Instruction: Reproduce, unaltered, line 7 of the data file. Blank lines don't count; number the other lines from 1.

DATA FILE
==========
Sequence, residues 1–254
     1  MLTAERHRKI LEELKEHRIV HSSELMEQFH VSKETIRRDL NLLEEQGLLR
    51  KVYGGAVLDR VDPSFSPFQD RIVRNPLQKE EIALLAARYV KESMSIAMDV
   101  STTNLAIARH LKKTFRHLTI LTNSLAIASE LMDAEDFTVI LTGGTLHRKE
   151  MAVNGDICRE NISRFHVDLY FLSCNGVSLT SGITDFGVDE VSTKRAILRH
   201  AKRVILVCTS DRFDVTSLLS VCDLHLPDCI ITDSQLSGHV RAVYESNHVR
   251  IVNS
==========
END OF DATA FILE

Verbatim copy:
   251  IVNS